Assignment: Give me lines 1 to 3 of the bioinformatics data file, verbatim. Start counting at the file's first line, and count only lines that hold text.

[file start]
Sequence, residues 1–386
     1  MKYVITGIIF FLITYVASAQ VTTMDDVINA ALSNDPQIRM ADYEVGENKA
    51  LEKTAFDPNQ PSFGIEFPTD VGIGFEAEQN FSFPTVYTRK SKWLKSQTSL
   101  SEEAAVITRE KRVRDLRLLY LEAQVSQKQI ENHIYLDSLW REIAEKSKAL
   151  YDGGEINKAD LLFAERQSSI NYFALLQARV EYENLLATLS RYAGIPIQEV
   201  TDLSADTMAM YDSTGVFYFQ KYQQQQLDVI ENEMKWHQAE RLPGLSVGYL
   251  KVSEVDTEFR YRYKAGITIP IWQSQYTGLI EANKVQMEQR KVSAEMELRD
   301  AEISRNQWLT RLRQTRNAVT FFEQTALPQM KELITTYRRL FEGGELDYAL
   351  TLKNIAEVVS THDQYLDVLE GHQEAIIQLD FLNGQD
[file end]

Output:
Sequence, residues 1–386
     1  MKYVITGIIF FLITYVASAQ VTTMDDVINA ALSNDPQIRM ADYEVGENKA
    51  LEKTAFDPNQ PSFGIEFPTD VGIGFEAEQN FSFPTVYTRK SKWLKSQTSL